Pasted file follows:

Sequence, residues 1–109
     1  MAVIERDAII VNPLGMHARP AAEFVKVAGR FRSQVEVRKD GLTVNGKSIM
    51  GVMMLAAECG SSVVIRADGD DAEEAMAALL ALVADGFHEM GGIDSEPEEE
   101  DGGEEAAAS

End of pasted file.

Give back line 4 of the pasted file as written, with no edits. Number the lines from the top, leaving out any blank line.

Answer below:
   101  DGGEEAAAS